2. Multisite can be consistent with Baptist ecclesiology. A Baptist multi-site church can have multiple campuses with shared leadership, a shared budget, a shared sense of identity and mission, a single set of by-laws, and some form of congregational approval involved in decision-making.  Such a church easily fits into the definition of an autonomous church in The Baptist Faith and Message 2000.
  3. Multi-site is Multi-service. The most common critiques of multi-site churches (creates different congregations, makes leadership impersonal, doesn’t facilitate membership accountability, makes one pastor the bishop of multiple churches, teaches the church to rely on a single gifted leader, negates congregational rule, etc.) would also be true of any church with multiple worship services. Multiple worship services have been the norm in Baptist life for decades, and almost all Baptist theologians and pastors find these services within the bounds of acceptable Baptist ecclesiology. So I do not see how a thoughtful, Baptist version of a multi-site strategy can be challenged on ecclesiological grounds unless we want to call for a discontinuance of multiple services in all Baptist churches. In fact, this is exactly how I explain our multi-site strategy to people in my own church – “We are simply starting a new worship service.  Only instead of starting it here in this building, we are starting it in the auditorium at Florida Atlantic University.”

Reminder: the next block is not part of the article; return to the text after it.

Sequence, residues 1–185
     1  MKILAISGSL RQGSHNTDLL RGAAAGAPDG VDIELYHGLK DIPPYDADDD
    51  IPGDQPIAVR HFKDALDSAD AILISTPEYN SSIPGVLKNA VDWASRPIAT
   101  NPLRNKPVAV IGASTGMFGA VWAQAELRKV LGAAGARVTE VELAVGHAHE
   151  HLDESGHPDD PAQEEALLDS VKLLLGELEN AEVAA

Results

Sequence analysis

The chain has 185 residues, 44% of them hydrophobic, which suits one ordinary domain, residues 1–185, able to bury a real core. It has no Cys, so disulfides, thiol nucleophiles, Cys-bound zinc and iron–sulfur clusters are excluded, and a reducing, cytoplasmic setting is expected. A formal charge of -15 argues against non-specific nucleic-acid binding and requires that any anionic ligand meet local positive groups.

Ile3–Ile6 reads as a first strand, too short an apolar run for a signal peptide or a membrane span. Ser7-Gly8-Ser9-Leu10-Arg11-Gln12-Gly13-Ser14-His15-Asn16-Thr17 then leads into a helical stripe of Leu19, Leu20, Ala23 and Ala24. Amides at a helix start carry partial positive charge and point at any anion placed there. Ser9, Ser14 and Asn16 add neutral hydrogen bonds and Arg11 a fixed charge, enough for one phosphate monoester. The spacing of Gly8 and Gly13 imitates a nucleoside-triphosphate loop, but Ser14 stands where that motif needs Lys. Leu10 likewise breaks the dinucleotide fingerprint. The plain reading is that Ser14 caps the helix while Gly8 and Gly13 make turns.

4. Multi-site can exponentially increase leadership development. I don’t do video venue. I’m not opposed to it, but I don’t do it because I want to help more preachers develop their speaking gifts. Different sized venues allow people with different levels of ability to serve in appropriate contexts (i.e. – a preacher with little experience may not be ready to preach to 1500, but he might do great in a room with 125 people). Multiple campuses also allow for larger numbers of gifted people to lead small groups, work with children, greet people in the parking lot, help with marriage counseling, train parents, etc.  Over the years, I have found that multiple campuses give us ways to offer high capacity entrepreneurial leaders (both paid and unpaid) challenging responsibilities – this keeps them motivated to stick around and serve our people instead of moving on to a “growth opportunity” at a different church.
  5. Multi-site can reinforce the role of pastors. Baptist churches accept “multiple pastors” as a concept, but in practice, many of our churches only recognize one “real pastor” – the Senior Pastor. At FBC West Palm, we have eight qualified, called, congregationally approved pastors in our church. We will hopefully ordain at least two, and possibly five more in the next 12 months. Pastors in our church may be full-time, part-time bi-vocational, or unpaid.  We don’t use our job descriptions as our job titles – we are all just “pastors.”  Every one of us has ministry assignments in the church, and we do have a “first among equals” polity that designates the Senior Pastor as the organizational leader. Because none of our pastors are omnipresent, our multi-site strategy (and our commitment to live preaching) requires that all of us preach, lead, baptize, lead the Lord’s Supper, and do counseling. So multi-site is actually helping our church to see ALL of our pastors as pastors, not just the Senior Pastor.